By Phil Brozynski
Meghan Niski, who will be a sophomore at St. Charles (Illinois) East High School this fall, accomplished a rare feat for somebody so young. She won a state volleyball title and a national championship all before she reached the tender young age of 16.
Toss in an all-tournament selection and an MVP award at the Junior Volleyball Directors Association National Championships in Louisville, Kentucky last month, and Niski has had herself quite a year.
“A state title and a national championship in the same year…how do you top that?” Club Fusion (Marengo) 15 Black coach Mike Bui said.
Even Niski does not know what she can do for an encore.
“Even though it’s been a few weeks since winning the national championship, it’s still hard to believe right now,” Niski said. “Nobody expected us to win. We pulled an upset.”
Nobody expected Niski to be part of an Illinois state title, either. Sharing that achievement with her older sister, Caroline, who also plays for Fusion and will be a high school senior this fall, made that accomplishment just as special.as her achievements on the national stage.
“Winning a state title, especially with my sister and my whole family there…that was special,” Niski said.
It was her sister who got Niski started in volleyball.
“She started ahead of me,” Niski said. “She really got me into the sport.
“Since we went to a private school (St. Patrick Catholic School in St. Charles) we were able to start playing volleyball in fifth grade. She wanted to try a new sport, so she started playing first. Then when I got to fifth grade, I started playing, too.”
Niski began her career as a setter alongside high school teammate and sophomore-to-be Maisey Mulvey, who also started for St. Charles East as a freshman at libero and was credited with more than 300 digs for the Saints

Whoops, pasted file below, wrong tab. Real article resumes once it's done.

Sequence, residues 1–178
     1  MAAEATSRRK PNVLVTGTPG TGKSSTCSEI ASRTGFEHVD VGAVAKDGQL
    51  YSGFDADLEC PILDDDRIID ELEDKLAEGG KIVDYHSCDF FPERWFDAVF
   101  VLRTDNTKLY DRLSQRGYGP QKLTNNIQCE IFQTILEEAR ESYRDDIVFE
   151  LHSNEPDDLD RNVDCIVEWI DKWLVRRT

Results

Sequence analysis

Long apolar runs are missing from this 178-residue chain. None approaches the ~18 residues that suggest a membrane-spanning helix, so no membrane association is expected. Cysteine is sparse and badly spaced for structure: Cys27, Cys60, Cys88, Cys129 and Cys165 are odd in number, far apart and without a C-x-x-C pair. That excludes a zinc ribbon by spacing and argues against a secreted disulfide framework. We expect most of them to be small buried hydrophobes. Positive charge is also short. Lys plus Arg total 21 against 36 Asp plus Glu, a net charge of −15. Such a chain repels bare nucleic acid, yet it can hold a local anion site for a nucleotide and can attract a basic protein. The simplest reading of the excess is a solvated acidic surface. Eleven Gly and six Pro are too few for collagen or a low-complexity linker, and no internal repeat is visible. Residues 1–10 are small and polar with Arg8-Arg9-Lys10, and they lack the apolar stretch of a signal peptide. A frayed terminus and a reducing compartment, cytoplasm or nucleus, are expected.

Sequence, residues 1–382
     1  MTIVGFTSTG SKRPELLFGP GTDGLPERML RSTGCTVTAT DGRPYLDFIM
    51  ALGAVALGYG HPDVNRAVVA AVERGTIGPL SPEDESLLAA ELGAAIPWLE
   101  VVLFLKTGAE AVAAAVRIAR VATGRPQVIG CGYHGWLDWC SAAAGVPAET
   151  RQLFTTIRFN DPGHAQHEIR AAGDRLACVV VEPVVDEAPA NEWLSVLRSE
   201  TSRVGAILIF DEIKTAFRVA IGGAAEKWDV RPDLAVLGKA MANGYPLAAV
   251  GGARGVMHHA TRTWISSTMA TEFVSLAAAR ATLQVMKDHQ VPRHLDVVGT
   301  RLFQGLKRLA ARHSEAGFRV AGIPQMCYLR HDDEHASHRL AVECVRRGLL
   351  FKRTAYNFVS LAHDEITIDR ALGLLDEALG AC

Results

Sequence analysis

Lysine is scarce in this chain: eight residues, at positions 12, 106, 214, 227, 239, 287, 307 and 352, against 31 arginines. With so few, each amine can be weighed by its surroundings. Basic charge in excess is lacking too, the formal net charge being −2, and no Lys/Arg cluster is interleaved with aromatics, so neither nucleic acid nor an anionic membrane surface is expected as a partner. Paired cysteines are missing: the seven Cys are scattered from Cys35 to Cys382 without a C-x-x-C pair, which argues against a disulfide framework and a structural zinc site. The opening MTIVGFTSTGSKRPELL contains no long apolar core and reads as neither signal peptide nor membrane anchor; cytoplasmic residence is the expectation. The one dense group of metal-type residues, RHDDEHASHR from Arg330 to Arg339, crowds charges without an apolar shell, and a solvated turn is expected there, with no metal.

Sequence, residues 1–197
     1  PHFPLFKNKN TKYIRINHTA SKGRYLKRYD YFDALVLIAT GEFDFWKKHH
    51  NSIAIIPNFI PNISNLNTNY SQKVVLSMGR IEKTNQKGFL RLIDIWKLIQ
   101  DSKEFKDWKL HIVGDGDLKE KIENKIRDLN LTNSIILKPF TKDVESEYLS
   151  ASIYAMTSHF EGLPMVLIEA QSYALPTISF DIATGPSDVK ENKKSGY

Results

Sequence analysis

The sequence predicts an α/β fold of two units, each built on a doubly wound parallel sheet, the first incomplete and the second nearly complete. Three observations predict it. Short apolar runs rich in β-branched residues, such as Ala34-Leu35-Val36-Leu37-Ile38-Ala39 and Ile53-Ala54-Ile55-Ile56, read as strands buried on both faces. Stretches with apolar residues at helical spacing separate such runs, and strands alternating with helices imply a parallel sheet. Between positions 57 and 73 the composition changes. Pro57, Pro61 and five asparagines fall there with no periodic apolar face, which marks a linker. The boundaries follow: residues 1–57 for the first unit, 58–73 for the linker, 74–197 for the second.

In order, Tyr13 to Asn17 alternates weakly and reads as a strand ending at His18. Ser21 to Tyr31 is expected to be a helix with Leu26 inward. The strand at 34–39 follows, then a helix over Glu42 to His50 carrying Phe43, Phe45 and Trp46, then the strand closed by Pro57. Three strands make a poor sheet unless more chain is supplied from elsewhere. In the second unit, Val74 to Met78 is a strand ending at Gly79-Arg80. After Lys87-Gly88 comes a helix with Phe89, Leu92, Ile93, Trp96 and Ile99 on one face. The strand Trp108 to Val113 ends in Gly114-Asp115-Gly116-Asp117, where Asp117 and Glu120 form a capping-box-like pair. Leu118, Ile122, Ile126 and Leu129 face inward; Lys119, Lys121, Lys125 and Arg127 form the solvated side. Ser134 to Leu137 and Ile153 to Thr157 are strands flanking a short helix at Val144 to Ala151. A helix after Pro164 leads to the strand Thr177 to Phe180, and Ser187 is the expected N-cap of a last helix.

“Then we switched to outside hitter in seventh and eight grade,” Niski said.
That move proved to be fortuitous. Niski contributed more than 215 kills, 30 blocks and 35 aces for St. Charles East last fall, then helped her Fusion team do what few thought was possible.
If you had to step away to the restroom during the second game of any of Club Fusion 15 Black’s matches at the JVDA national championships, you never had to worry that you were going to miss the finish. After all, chances were very good there WAS going to be a third game.
Fusion 15 Black played 11 matches – and one tiebreaker to 25 points – in Louisville. Nine of those matches went to three games. It was fortunate they weren’t playing best of five. They still might be playing.
“The girls were an emotional wreck,” Bui said. “But I give the girls a lot of credit. We played very good competition the first day. All four teams in our pool made it into the gold. The teams that beat us were very, very solid.”
Fusion lost twice on Day One in Louisville, falling to Louisiana VB 15 Danny and Team Z 15 Orange, before salvaging the day with a victory over WWBA 15 Mizuno.
Things did not get any easier on Day Two. Fusion defeated SPVB 15 Elite (17-25, 26-24, 15-13)and MI Elite 3rd Degree (20-25, 25-10, 15-13) , but lost to Nebraska Juniors 15-1 (25-2, 18-25, 15-13), forcing a one-game playoff with the Cornhuskers.
Fusion defeated Nebraska Juniors 26-24 to advance against Milwaukee Sting 15 Gold (an 18-25, 25-21, 15-11 loss) and KIVA 15 Red, where it won just its third match of the tournament in straight games, 25-21, 25-20.